Grizzly+Polar=Grolar? Or Is That Pizzly?

Flickr user <a href="http://www.flickr.com/photos/38485387@N02/3582475670/sizes/l/in/photostream/">FlickrFavorites</a>/Creative Commons

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For some time, it’s been apparent that just as climate change is killing some species, it’s making room for others to expand, or fostering creation of new species altogether via hybridization. In the Arctic, hybridization is a particular problem for conservationists trying to save unique species from extinction.

Take the magnificent polar bear: with thick white fur over black skin, and blubber up to 5″ thick, the animal is well-adapted to a cold environment. But as temperatures climb and animals begin to roam, it’s interacting (and breeding) with species it would have rarely encountered before. In 2006 a hunter killed an animal that was found to be half grizzly and half polar bear, the first known “grolar bear.” Another grizzly-polar hybrid was killed in April: DNA tests showed that not only was it a hybrid, it was a second-generation mix. Its mother was a “grolar” that had mated with a male grizzly bear, scientists said. Some have called it a “pizzly” to denote both its hybrid status and to differentiate it from the half polar-half grizzly “grolar.” Bears aren’t the only Arctic mammals creating hybrid offspring: biologists have evidence of harp seals mating with hooded seals, and narwhals mating with belugas.

In the current issue of Nature, a new study says that we can expect these hybridizations to increase. Lead author University of Alaska professor Brendan Kelly says that as animals used to Arctic isolation begin encountering their southern cousins, “they will mate, hybrids will form and rare species are likely to go extinct.” Already, many Arctic species are facing extinction due to shrinking habitats, decreasing food supplies, and competition from new species. As these factors shrink or scatter populations and biodiversity decreases, it makes sense that animals would mate with those of other species in order to pass on their genes. But in doing so, they compromise their species own survival even further. As the NRDC’s Andrew Wetzler told OnEarth, “When a species hybridizes, its gene pool can be compromised and even lost. Eventually, the ‘species’ you were trying to protect simply doesn’t exist anymore.”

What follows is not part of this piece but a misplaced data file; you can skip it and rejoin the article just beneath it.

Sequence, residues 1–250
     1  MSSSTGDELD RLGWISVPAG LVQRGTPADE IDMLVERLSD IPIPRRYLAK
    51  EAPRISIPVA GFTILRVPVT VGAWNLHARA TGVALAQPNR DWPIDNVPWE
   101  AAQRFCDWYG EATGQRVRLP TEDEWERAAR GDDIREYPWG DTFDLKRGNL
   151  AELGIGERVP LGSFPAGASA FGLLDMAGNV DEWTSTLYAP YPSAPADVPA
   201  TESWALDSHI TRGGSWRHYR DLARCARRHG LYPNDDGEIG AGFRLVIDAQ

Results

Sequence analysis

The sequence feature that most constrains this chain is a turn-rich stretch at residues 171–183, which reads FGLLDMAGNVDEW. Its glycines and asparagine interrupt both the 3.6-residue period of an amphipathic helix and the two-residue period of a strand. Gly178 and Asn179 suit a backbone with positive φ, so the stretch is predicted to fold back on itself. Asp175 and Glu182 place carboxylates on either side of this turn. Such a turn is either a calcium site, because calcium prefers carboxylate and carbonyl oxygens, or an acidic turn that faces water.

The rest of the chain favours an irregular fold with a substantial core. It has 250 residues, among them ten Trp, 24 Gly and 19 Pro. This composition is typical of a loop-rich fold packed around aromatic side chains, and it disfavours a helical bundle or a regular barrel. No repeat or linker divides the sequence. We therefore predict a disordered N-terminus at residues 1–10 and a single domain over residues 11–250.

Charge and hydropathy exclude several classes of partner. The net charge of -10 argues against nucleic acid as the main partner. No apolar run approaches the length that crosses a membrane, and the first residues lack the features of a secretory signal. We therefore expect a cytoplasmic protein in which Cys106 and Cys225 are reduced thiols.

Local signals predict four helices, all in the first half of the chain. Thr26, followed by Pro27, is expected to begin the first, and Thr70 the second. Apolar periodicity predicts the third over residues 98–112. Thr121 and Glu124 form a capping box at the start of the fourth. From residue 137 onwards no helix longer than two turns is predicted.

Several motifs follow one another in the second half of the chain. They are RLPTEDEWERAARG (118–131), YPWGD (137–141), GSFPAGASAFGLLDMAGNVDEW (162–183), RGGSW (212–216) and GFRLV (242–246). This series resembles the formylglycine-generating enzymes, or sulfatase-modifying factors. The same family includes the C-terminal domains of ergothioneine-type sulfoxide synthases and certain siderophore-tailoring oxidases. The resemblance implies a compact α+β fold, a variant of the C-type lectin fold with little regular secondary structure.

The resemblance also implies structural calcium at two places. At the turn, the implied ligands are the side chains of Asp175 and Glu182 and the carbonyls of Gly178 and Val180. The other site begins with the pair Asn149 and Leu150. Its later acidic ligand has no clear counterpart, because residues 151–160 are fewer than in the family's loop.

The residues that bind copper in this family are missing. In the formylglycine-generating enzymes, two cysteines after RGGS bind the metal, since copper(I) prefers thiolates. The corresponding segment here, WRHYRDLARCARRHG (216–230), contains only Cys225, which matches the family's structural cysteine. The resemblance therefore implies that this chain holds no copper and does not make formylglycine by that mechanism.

I would counter that although yes, it is upsetting species are going extinct, hybridization is a natural process and can eventually create new species. In the case of mammals with long life spans, the creation of new species will take quite a while since each generation may last 30 years. And for the polar bear, that is simply time it doesn’t have. As Kelly put it, “This change is happening so rapidly that it doesn’t bode well for adaptive responses.” Kelly has recommended culling hybrids when feasible, but the best thing for Arctic species, he’s said, is reducing carbon emissions.

 

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In "News Is Just Like Waste Management," we unpack what the coronavirus crisis has meant for journalism, including Mother Jones’, and how we can rise to the challenge. If you're able to, this is a critical moment to support our nonprofit journalism with a donation: We've scoured our budget and made the cuts we can without impairing our mission, and we hope to raise $400,000 from our community of online readers to help keep our big reporting projects going because this extraordinary pandemic-plus-election year is no time to pull back.

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